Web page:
Dennis Manuge
Disabled Canadian Forces Veteran (Former Yugoslavia)
Representative Plaintiff, Manuge Vs Her Majesty The Queen x2
Musquodoboit Harbour, NS

1. Government of Canada; guide to the Canadian Charter of Rights and Freedoms
2. Wikipedia

A Message from Dennis Manuge

Dear Veterans and Family Members:

Wishing you a wonderful and happy new year! I am hopeful that the VLAF will enable vets and our families to pursue justice within the legal system, and enhance our lives while standing up for ourselves and others.

Access to justice is an important aspect of being a Canadian, and the positive legacy of the SISIP LTD Class Action can inspire others and encourage all Canadians to stand proud, while utilizing legal resources that otherwise might not be available.

One person can make a difference and promote a ripple effect than can positively impact many others.

Warm regards,
Dennis Manuge
Lead Plaintiff, SISIP LTD Class Action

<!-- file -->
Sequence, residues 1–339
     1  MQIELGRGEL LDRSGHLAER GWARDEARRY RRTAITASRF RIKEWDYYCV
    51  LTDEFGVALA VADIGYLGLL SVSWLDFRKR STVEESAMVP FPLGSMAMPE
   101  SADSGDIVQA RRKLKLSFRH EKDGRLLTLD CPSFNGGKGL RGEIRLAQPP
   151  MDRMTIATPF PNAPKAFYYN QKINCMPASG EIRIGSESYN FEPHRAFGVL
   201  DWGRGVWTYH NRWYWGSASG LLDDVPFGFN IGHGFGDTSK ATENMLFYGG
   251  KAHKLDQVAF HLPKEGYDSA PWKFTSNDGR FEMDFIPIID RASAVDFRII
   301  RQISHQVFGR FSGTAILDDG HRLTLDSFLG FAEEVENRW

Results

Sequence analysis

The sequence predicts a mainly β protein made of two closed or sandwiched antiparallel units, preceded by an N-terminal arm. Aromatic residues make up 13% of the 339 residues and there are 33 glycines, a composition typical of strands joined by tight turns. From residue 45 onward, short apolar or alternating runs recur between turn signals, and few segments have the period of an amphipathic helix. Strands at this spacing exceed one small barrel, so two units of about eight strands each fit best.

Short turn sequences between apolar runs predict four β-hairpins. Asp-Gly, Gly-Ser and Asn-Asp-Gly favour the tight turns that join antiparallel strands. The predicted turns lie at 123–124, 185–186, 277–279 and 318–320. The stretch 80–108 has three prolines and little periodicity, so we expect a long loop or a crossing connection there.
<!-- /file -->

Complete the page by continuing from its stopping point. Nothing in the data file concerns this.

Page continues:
Dennis and Dex

A Warm Welcome

Welcome to the Veterans Legal Assistance Foundation (“VLAF”) website. We hope this is a place where Canadian veterans – as well as their families and their lawyers – will visit to apply for funding or simply to stay current on veterans’ rights.  

While the website is new, the fund was announced in 2013 in conjunction with the SISIP LTD Class Action settlement, and made official when the VLAF was established on January 15, 2016. A donation of $1 million was made by firms that received fees in the settlement – McInnes Cooper and Branch MacMaster. 

Since then, the foundation has helped many veterans pursue their claims. Now the VLAF wants to do more by communicating with veterans and their communities, and by raising additional funds to ensure even more support is possible. 

If you are a veteran who needs legal help with your claim for benefits, or a lawyer prepared to assist such veterans, the VLAF is here to help. Click To Tweet

I look forward to hearing from you.

Sandra Goodwin
Executive Director, VLAF

Honouring “Leave No Vet Behind”

“We are the veterans affected by the SISIP claw back. We are their friends, family and supporters.” 

This statement sat quietly but strongly on the LeaveNoVetBehind website for years. LeaveNoVetBehind was a mass movement to support veterans who were wrongly affected by the SISIP long term disability claw back.